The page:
The COVID-19 vaccine creation story is one of shining success, but it is also a tale of distorted priorities and values in the name of science and technology for the public good. While much of the angst in advanced countries is that of individuals standing in a moving vaccine queue, most countries of the world have yet to administer a single shot to their citizens. Twenty countries account for a large majority of the shots administered to date.

This imbalance is the result of a series of cascading injustices and inequities. Some rich countries have booked vaccine supplies for multiples of their actual needs. COVAX, the facility created to hold and distribute vaccines on a globally equitable basis, is underfunded. Well-off countries such as Canada, New Zealand and Singapore have accessed this vaccine pool, which goes against the ethos of the initiative. Bulk buying and old-fashioned power plays have created a situation in which the European Union, which has almost four times the per capita income of South Africa, pays less than half of what South Africa is paying for a dose of the Oxford-AstraZeneca vaccine. Finally, a group of developed countries has opposed a temporary waiver of COVID-19 vaccine patents, pointing to the need to revisit global intellectual property rules currently enshrined in the World Trade Organization’s Trade-Related Aspects of Intellectual Property Rights agreement.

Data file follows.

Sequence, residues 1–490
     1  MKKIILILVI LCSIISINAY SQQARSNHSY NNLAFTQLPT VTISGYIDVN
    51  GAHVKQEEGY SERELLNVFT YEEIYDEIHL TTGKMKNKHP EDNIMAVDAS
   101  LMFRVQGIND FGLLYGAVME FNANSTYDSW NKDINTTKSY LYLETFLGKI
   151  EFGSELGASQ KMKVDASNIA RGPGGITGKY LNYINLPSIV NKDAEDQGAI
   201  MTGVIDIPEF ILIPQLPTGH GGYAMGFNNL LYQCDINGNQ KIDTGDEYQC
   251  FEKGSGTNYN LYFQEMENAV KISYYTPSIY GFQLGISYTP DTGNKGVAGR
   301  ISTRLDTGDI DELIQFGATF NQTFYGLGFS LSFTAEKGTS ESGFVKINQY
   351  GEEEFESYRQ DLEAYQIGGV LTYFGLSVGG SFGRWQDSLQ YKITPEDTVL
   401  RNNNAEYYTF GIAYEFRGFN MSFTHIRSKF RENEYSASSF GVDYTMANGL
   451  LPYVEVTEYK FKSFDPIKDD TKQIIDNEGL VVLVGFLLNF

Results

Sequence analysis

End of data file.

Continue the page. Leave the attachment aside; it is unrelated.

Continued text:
Parochialism in vaccines is not just cruel and unfair but also short-sighted. At current rates, many countries are unlikely to reach herd immunity until 2023 or 2024. During this interval, their economies will continue to stall and their societies to fracture, and they will spawn virus variants that will continue to threaten the health and well-being of us all. Global mobility will be impaired indefinitely.

There is no better indication of the connections between health, economy and society, and between rich and poor, than what we are witnessing currently.

Fairness matters. We live in a time when people’s confidence in decision makers, be they public or private, and belief that justice will be served are very low all around the world. Policy design and sequencing matter too. Why not create a vaccine rollout that celebrates the amazing partnerships between governments and manufacturers rather than one that tilts the benefits toward Big Pharma? Why not sequence debt reduction and SDR creation in a way that supports those in need and not current creditors who reap the lion’s share of the payouts?

The public’s confidence in leaders to respond to dreadful circumstances goes beyond their success in curing a disease or healing the macroeconomy. Restoring faith in governance and public action is itself a public good that would prepare us for a whole myriad of challenges on the horizon.

This article was originally published by the Centre for International Governance Innovation.